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b&rrenneSs , Such as the theological literature of the English church has long exhibited , and the luxuriance which puts forth much that never ripens , and sends up tares mingled with its wheat ? * To Mr . Rose , however , the very idea of theology being a progressive science appears an absurdity ; and very extraordinary is the reasoning by which he would prove , that though it was lawful for the sixteenth century to prefer its own judgment to that of the fifteenth , it is arrogance and
presumption for the nineteenth to claim the same advantage over the age of Luther and Cranmer . " The princi p le on which we separated from the Roman church was not that we had discovered any new views of Scripture , but that we desired to return to the primitive confession , the views held by the apostles and early fathers of die church . "— " Our church receives only what was received in those ages in which truth must have been known ; the others profess that perhajps in no age has truth yet been recognized , and that her genuine form may yet remain to discover . "—Pp . 21 , 22 . And do not the
professors of every other variety of Christian belief maintain precisely the same thing as the Church of England ? Does not the Church of Scotland appeal to Scripture and the apostolic age to prove the divine ri ght of Presb y * tery ? Do not the Unitarians allege the confession of Tertullian * a confession which no orthodox ingenuity has ever been able to pervert , to prove that the majority of believers in his age rejected the doctrine of the Trinity ? What portion of the Thirty-nine Articles is to be found in the Apostolic Fathers , whom we presume Mr . R . to mean by " writers who lived at the outset of
the Christian system" ? P . 27 . The assumption of a conformity with the primitive church begs the whole question in debate ; all believe themselves to possess this conformity , and the Church of England has the same right to her belief as they to theirs ; but while they , according to Mr . Rose , admit that they may have been in error , she , with singular modesty , has established a creed for all future ages , in which no one should dream of making an imiprovement . We do not , however , believe , that the venerable founders of the national church were guilty of such arrogance as Mr . Rose attributes to them ;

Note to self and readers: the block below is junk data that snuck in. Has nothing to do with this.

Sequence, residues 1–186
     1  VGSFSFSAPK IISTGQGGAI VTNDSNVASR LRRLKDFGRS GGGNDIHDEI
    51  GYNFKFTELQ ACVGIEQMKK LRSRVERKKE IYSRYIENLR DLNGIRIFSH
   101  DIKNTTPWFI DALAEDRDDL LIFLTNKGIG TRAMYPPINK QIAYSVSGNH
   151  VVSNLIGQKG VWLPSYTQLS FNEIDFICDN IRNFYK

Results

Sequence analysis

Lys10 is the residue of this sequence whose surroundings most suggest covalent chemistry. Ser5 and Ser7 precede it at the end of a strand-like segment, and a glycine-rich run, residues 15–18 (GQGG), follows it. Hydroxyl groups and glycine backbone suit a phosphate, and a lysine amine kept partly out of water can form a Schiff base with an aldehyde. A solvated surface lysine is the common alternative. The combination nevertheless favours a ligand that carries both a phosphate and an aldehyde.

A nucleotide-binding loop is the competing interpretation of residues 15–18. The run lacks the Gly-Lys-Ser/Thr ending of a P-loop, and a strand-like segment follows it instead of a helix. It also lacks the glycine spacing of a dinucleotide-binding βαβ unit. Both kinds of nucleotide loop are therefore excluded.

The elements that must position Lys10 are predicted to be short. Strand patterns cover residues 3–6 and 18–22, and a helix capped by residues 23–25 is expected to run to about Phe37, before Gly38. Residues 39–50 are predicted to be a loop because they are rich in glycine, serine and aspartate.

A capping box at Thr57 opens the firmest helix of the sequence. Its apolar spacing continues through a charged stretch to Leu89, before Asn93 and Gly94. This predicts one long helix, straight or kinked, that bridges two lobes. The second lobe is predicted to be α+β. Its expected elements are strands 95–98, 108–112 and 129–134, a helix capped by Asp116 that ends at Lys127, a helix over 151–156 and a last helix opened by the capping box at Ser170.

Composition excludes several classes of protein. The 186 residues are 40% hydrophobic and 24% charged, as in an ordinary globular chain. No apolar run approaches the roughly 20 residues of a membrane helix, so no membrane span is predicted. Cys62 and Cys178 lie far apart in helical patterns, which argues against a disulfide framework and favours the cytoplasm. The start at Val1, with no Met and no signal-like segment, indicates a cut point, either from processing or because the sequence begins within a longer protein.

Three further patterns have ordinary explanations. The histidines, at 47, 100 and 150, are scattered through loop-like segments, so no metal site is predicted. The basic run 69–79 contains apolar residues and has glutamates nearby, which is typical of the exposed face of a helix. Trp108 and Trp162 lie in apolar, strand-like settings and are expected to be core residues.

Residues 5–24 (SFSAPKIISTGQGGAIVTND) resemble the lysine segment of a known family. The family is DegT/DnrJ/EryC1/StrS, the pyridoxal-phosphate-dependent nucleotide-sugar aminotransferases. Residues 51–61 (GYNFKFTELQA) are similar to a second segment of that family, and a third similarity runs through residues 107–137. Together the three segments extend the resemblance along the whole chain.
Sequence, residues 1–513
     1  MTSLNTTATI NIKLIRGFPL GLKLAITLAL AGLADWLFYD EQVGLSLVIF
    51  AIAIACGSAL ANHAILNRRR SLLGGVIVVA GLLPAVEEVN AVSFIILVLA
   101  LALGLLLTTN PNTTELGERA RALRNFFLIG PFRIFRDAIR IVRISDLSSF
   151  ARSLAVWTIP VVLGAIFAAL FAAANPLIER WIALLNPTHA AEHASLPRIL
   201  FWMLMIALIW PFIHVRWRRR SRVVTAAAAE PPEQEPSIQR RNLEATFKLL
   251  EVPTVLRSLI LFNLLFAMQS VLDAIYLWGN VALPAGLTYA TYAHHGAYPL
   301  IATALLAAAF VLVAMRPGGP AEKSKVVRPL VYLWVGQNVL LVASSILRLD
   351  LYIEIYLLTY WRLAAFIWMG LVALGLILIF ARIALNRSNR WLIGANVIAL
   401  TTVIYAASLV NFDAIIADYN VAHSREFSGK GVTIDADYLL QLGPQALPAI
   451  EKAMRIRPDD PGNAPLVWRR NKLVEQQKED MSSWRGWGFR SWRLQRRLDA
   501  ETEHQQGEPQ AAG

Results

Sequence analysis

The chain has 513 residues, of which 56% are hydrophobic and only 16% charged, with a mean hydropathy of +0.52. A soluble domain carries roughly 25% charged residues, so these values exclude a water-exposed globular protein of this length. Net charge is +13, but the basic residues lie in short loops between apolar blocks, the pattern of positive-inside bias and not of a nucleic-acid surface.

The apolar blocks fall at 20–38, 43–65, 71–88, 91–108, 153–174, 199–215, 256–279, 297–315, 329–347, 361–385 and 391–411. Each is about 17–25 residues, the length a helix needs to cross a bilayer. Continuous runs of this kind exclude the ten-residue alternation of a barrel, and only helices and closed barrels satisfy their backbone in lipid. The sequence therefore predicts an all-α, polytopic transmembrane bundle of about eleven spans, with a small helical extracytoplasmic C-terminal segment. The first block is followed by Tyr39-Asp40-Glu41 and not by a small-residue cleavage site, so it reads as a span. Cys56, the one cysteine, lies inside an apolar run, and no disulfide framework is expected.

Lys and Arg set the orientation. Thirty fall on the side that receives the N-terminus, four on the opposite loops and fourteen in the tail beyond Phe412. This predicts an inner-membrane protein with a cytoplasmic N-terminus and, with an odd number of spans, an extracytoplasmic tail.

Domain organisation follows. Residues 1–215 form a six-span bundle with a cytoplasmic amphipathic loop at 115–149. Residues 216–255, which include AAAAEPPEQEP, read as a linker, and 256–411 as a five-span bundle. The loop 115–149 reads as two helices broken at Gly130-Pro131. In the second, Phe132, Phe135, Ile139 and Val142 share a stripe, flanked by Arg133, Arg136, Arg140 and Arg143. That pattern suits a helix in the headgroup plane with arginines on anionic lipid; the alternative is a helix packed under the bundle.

we know that many of her members , not inferior in station , m learning , or in worth , to the Bulls , the Water \ ands , and the Horsleys , have acknowledged the necessity of a further reformation ; and we see with pleasure that even the great organ of orthodoxy , the Quarterly Review , in a passage which calls forth Mr . Rose ' s indignation , disclaims the absurd pretension that the church has nothing to learn . ** If we would hope , " says a writer in Number LXIV . p . 87 , " to restrain that wildness of criticism on theological subjects which is too prevalent in Germany , we must learn to tolerate among ourselves a sober freedom of honest and humble inquiry ; our censures at present lose some of
* " Nothing , if we except the dreams of Hutchmson , has come out in England , in the last 100 years , in the shape of original investigation . Compilation has there Jong been the order of the day , and names , respectable and valuable indeed in their time , are now appealed to as the only safeguards against innovation , or as instructors in the way of truth . "—Professor Lee , preface to H . Martyn ' s Tracts , quoted in N . Am . Review , No . LII . p . 109 . The able author of the article justifies the use of German theological works , by the extreme defectiveness of this branch of English literature . Mr . Rose , however , speaks of "the richness of our sacred literature , " p . 13 , and
thinks it the great glory of the English church that our scholars have been all in holy orders , p . 145 . These compliments may pass where they were delivered ; ptfhov * PiBvivctlovq Iv ' htiipaiuq litcuvtiv' Others might inquire , why , from the time of Bentley downwards , our learned divines have done so much for the Attic drama and » o little for the New Testament ?
Review . —Rose ' s Discourses on the State of Religion in Germany . 51
Monthly Repository (1806-1838) and Unitarian Chronicle (1832-1833), Jan. 2, 1827, page 51, in the Nineteenth-Century Serials Edition (2008; 2018) ncse.ac.uk/periodicals/mruc/issues/vm2-ncseproduct1792/page/51/